Morro Bay Power Plant shutdown saves fish, kills birds

Morro Bay Power Plant shutdown saves fish, kills birds

Morro Bay Dynergy plantPower plants keep closing in California. Earlier this year, Southern California Edison announced it permanently would shut down its San Onofre Nuclear Generating Station.

Then Dynergy Energy announced last month it would decommission the Morro Bay Power Plant whose three tall smokestacks for 50 years have become almost as big a symbol of the city as its looming Morro Rock.

The plant is one of 19 gas-fired power plants along the coast of California, comprising 5,500 megawatts of power generation to be phased out of operation to protect marine life (see map here). The City of Morro Bay has proposed to permit a commercial and tourist redevelopment project on the power plant site.

The major reason for mothballing the power plant was its negative impact on marine life. Thousands of fish larvae got sucked into the power plant’s ocean water inlet.  However, mature fish could not get pulled into the inlet because each inlet tube is only 3/8-inch wide. 

Moreover, as in George Orwell’s “Animal Farm,” in California some animals are more equal — and valuable — than others. In line with the new priorities of renewable energy, fish seem to be more “equal” than birds and turtles.

For example, there were 34 reported bird deaths in Sept. 2013 attributed to BrightSource Energy’s 459-foot high tower that beams sunlight to thousands of surrounding mirrors at its Ivanpah solar energy project. Also threatened there: 2,325 juvenile desert tortoises.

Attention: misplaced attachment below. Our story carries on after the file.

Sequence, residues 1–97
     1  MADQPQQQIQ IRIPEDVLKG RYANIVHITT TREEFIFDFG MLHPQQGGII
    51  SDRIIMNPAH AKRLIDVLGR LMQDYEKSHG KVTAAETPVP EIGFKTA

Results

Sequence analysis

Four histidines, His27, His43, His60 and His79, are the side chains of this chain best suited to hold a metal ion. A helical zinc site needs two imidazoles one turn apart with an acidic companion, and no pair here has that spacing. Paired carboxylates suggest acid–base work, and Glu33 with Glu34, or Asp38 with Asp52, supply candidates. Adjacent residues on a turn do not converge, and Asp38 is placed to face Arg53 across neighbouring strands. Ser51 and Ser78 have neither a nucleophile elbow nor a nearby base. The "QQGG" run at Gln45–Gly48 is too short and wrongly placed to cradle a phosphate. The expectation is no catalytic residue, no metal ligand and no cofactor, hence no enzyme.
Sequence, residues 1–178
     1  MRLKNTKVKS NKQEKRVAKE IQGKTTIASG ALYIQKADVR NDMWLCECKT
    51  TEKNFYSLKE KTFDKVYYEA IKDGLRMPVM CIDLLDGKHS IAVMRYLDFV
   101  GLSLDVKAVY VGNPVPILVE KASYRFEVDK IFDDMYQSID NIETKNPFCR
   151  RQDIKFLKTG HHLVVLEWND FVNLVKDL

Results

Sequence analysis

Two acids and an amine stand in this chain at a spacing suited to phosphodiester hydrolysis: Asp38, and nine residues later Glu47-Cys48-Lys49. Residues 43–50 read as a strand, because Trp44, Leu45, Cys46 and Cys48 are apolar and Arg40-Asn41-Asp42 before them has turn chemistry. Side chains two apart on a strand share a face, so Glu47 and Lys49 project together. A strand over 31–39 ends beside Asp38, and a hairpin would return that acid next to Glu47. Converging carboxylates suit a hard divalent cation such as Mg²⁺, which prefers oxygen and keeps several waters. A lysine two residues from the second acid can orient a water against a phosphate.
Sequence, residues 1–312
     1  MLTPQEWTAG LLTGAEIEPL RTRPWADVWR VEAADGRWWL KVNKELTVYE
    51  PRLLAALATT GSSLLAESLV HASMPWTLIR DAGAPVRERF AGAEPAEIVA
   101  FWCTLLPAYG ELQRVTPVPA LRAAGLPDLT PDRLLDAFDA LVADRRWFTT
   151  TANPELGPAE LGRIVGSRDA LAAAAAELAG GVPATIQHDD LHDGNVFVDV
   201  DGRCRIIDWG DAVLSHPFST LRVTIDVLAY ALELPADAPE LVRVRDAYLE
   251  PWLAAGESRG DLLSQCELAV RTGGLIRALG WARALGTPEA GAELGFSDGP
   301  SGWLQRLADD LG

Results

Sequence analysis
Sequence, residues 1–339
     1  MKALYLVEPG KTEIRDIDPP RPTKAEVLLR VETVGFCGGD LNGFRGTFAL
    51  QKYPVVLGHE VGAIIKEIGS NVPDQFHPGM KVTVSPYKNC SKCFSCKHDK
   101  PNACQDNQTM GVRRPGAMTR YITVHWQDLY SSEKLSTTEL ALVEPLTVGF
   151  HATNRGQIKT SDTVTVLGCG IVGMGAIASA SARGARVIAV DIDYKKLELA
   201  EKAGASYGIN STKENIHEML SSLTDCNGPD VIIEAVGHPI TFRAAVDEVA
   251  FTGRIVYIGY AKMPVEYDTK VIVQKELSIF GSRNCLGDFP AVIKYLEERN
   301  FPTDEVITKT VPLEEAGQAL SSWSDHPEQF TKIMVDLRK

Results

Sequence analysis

But unlike fish on the scenic coast, the Ivanpah project is out of sight and mind, located 50 miles from the Salton Sea in the Mojave Desert.

No government agency has ordered an equivalent shutdown of the Ivanpah solar power plant.

Morro Bay Power Plant replaced by CA Valley Solar Ranch

Morro Bay is now getting power from the new California Valley Solar Ranch in eastern San Luis Obispo County.  This $1.6 billion, 250-megawatt solar farm comprises 749,088 solar panels covering 1,500 acres. Which means it costs an astronomical $6,400,000 per installed megawatt of energy, operating at a capacity factor of 22 percent.

By contrast, a natural gas-fired power plant, such as Morro Bay’s, would require one-fourth of the capital investment; would cost about $1,000 per megawatt installed; would be making four times the electricity at an 88 percent capacity factor; and would impact about 25 acres of land.  The California Solar Farm project is not economically feasible without large government tax credits.

It is estimated the power from California Valley Solar Ranch will cost ratepayers from $0.15 to $0.18 per kilowatt-hour. PG&E’s baseline electricity rate is $0.11 per kilowatt hour.

Starwood

Another option being considered by the city is to partner with Starwood Energy Group, based in Connecticut, to generate clean, renewable energy at the power-plant site.

Starwood’s Chairman is Barry S. Sternlicht, a registered voter in the Democratic Party. He also has been a prominent fund raiser and organizer for President Obama, former Secretary of State Hillary Clinton, Senate Majority Leader Harry Reid, former Vice President Al Gore, Former President George W. Bush and others.

Ironically, in 2009 Starwood already planned on building a large concentrating solar energy tower plant in Arizona like the Ivanpah solar plant in California.  But the idea for the project ended up being abandoned. According to Reuters, “Lockheed Martin Corp was the engineering, procurement and construction firm for the Starwood project. [Arizona Public Services] said Lockheed Martin decided not to go forward with the project due to the size and the final risk profile of the EPC contract, among other factors.”